Dr. William Figlesthaler delivers his own State of the Union address in a campaign video. (Image: Dr. Fig for Congress campaign)
Feb. 6, 2020 by David Silverberg
Final 4th Quarter 2019 financial figures are out for the political campaigns in Southwest Florida’s 19th Congressional District, so it’s time to survey the standing of all 11 candidates.
But it’s not enough just to recount what candidates have reported to the Federal Election Commission. In a series of articles called “Follow the money,” The Paradise Progressive will analyze what the numbers mean for each campaign, what they tell us about each candidate’s popular support and how each candidate is positioned for the days ahead.
Because it’s such a crowded field these articles will appear singly as individual profiles.
We’ll look at candidates in the order of the amount of money they raised in 2019.
Republican Dr. William Figlesthaler is the top-funded candidate in the race for the House of Representatives in the 19th Congressional District.
This Naples-based urologist and first-time politician has the highest total of all candidates reporting their 2019 finances, with $536,295 in receipts.
However, of that amount the vast majority, $410,000, came in a loan to the campaign from the candidate. Otherwise, 37 other donors contributed to the campaign for both the primary and general elections in amounts starting at $3,000.
Virtually all donors are active or retired doctors or associated with the medical field. Additional donors are family members: his Russian-born wife Olga and relatives Karolina, Elizabeth and William Figlesthaler II. Figlesthaler also received $2,000 from the campaign committee of Rep. Greg Murphy (R-3-NC), a member of Congress and fellow urologist from North Carolina, where Figlesthaler did his residence.
Figlesthaler spent $29,541.35 in 2019. Most of that was spent on consultants for media and fundraising, a video and website development. However, he also came up with a unique and bizarre form of advertising: screens in the men’s urinals in Hertz Arena.
As men urinate on the red, white and blue-colored plastic screen at the bottom of the urinal, they can ask themselves the question printed on the screen: “Are you ready to drain the swamp?” and presumably somehow connect the Dr. Fig name on the screen to Figlesthaler.
The stunt certainly got Figlesthaler local TV air time and media coverage.
“Quite frankly, they’re pissed off,” Figlesthaler said of voters to NBC-2’s Dave Elias, who reported the urinal story on Jan. 20. “They’re tired of what’s going on in Washington.” And was this a good idea? “The mere fact we’re talking about it right now tells me it was probably a good idea,” he concluded.
Whether it changes anyone’s mind and convinces voters remains to be seen. It’s not clear whether there’s any equivalent promotion for the women’s lavatories, so essentially Figlesthaler ignored half the voting population.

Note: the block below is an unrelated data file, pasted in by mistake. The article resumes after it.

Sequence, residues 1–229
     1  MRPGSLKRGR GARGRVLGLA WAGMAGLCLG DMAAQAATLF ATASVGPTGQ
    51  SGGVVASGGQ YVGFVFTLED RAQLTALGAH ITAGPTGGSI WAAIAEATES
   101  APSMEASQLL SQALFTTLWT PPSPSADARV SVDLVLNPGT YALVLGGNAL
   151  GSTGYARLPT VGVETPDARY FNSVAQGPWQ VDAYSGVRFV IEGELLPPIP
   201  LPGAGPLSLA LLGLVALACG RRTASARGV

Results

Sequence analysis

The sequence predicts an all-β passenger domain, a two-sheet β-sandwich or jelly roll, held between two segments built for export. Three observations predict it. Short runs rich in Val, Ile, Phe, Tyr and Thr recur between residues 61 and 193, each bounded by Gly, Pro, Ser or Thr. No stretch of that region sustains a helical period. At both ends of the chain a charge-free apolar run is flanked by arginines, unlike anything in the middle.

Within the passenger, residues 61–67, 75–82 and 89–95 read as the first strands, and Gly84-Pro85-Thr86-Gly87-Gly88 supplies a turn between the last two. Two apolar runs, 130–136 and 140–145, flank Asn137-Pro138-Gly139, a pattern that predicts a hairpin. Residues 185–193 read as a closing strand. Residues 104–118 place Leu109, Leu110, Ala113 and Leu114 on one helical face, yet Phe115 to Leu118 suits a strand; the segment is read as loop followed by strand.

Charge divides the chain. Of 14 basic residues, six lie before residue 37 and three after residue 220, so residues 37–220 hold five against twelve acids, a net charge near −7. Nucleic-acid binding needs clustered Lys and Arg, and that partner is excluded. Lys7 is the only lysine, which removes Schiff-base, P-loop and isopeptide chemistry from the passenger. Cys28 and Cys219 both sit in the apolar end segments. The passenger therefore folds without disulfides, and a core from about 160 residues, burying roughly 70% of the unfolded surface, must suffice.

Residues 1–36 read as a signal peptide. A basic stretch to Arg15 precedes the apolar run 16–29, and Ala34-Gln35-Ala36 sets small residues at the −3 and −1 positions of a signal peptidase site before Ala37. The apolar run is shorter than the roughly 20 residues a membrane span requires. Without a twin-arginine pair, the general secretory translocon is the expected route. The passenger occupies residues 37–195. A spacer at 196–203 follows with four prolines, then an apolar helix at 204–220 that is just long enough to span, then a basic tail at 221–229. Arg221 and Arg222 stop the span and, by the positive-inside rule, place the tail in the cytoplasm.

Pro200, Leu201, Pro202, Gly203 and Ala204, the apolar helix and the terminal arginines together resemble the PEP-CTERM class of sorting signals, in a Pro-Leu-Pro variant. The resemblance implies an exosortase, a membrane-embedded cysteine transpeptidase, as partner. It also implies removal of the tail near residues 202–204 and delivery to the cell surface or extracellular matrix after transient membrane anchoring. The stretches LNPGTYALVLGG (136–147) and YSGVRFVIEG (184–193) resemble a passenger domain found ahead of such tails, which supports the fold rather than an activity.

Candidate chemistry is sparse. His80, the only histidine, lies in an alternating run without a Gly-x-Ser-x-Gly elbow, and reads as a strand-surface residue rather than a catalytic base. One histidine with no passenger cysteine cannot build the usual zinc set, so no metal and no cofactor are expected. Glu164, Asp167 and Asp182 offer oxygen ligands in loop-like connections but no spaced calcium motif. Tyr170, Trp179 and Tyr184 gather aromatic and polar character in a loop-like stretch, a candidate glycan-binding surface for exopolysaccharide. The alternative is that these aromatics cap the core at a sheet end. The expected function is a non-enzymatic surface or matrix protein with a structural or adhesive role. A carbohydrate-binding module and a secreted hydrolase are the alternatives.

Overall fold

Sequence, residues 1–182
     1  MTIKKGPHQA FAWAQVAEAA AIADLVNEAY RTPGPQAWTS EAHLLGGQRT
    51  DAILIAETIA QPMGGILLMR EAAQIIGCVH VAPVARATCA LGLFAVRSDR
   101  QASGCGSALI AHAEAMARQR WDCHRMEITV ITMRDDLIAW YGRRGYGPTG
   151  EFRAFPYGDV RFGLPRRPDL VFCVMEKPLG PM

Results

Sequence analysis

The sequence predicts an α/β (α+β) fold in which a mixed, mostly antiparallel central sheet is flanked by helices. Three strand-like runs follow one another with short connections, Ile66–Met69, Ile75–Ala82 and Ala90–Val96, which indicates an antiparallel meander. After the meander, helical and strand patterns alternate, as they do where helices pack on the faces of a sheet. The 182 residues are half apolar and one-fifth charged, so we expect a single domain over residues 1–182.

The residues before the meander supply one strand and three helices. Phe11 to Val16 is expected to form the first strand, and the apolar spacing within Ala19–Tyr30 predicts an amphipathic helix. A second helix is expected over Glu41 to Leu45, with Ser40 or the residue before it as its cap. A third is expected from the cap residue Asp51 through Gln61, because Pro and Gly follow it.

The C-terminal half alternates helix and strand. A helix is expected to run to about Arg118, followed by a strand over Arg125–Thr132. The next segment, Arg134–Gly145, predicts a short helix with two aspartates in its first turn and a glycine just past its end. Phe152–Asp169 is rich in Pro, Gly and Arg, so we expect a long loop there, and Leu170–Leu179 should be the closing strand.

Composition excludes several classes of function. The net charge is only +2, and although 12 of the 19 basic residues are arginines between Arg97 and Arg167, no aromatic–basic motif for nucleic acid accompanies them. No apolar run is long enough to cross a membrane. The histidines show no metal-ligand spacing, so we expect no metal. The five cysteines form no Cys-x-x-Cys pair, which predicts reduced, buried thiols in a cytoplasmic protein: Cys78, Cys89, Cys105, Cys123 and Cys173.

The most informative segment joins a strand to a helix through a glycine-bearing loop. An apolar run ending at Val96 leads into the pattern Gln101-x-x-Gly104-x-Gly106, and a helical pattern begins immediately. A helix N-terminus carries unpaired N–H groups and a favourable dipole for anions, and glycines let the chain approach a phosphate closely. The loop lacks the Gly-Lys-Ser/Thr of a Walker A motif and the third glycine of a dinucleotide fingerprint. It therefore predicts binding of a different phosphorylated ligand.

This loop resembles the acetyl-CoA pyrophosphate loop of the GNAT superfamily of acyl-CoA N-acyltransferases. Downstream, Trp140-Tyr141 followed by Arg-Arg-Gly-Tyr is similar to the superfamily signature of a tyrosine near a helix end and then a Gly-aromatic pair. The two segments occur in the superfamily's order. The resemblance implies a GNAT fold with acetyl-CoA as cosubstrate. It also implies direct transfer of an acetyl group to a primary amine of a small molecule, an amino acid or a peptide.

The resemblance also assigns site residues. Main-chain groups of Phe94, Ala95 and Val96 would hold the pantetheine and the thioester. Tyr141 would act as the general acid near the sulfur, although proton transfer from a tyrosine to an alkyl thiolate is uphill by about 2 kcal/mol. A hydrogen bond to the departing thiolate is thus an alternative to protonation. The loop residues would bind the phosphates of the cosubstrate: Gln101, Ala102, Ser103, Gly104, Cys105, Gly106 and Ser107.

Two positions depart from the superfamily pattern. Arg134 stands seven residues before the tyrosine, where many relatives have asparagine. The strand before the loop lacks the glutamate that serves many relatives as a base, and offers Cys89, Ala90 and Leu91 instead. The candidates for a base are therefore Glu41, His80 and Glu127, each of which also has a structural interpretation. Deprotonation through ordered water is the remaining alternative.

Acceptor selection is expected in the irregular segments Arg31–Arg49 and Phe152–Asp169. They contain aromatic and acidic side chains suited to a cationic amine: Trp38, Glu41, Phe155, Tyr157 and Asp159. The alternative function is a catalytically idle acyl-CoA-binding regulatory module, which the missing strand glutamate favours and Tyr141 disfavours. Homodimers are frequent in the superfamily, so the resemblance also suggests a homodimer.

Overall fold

Politically, Figlesthaler is a straight out Trumper and undeviatingly follows the Trumpist line on all issues. He’s working off the 2016 angry voter meme and making the old “drain the swamp” slogan the centerpiece of his campaign—one now abandoned even by Trump. He’s anti-abortion. He plays up his lack of political experience or knowledge. The only local issue he addresses on his website is water purity—he’s all for it.
It appears that he was inspired or convinced by his fellow urologist Greg Murphy in North Carolina that with enough money a candidate with virtually no name recognition, legislative record or political experience could win a seat in Congress.
Given the amount of personal money he’s putting into his campaign and his array of media and political consultants Figlesthaler is running what should look to an outsider like a fairly professional campaign. Consultants include Anedot, Baton Rouge, La., for fundraising; Compliance Consulting, a global compliance firm; Landslyde Media Group, a single-person, Cape Coral-based consultancy; Southeastern Strategies, a marketing firm; and Lakeside Media, a video production company.
That said, there’s no indication that Figlesthaler has any field organization, volunteers or infrastructure or is making any effort in that direction.
Figlesthaler seems to have no knowledge or interest in local issues and he certainly has no established political base beyond his small circle of doctor friends and their spouses, who actually reside all over the state rather than in the District.
Given his medical background and medical-heavy donor base he could clearly weigh in on healthcare and medical issues. However, his website states only: “As a physician, I have served thousands of Southwest Florida patients. I have seen firsthand how government-controlled healthcare drives up costs and destroys patients’ quality of care. I will fight for a free market system that ensures competitive prices and quality of service.” In other words, he opposes the Affordable Care Act.
Figlesthaler’s is a shallow, highly ideological campaign focused on national themes and complete indifference to local issues. Also, his small donor list doesn’t indicate an enormous groundswell of grassroots support.
By most traditional measures, Figlesthaler would not be considered a serious candidate and this would simply be a vanity project. However, his initial personal investment and the resources at his command mean that he must be considered a contender. In this he is following the model of his idol, Donald Trump.
Such campaigns have succeeded in the 19th Congressional District before. However, if he wins, Figlesthaler seems set to join the parade of inexperienced, naïve Southwest Florida candidates who went to Washington and were disillusioned by the rigors and realities of legislating, ill-serving the interests of Southwest Florida.
Next: Dane Eagle
Liberty lives in light
©2020 by David Silverberg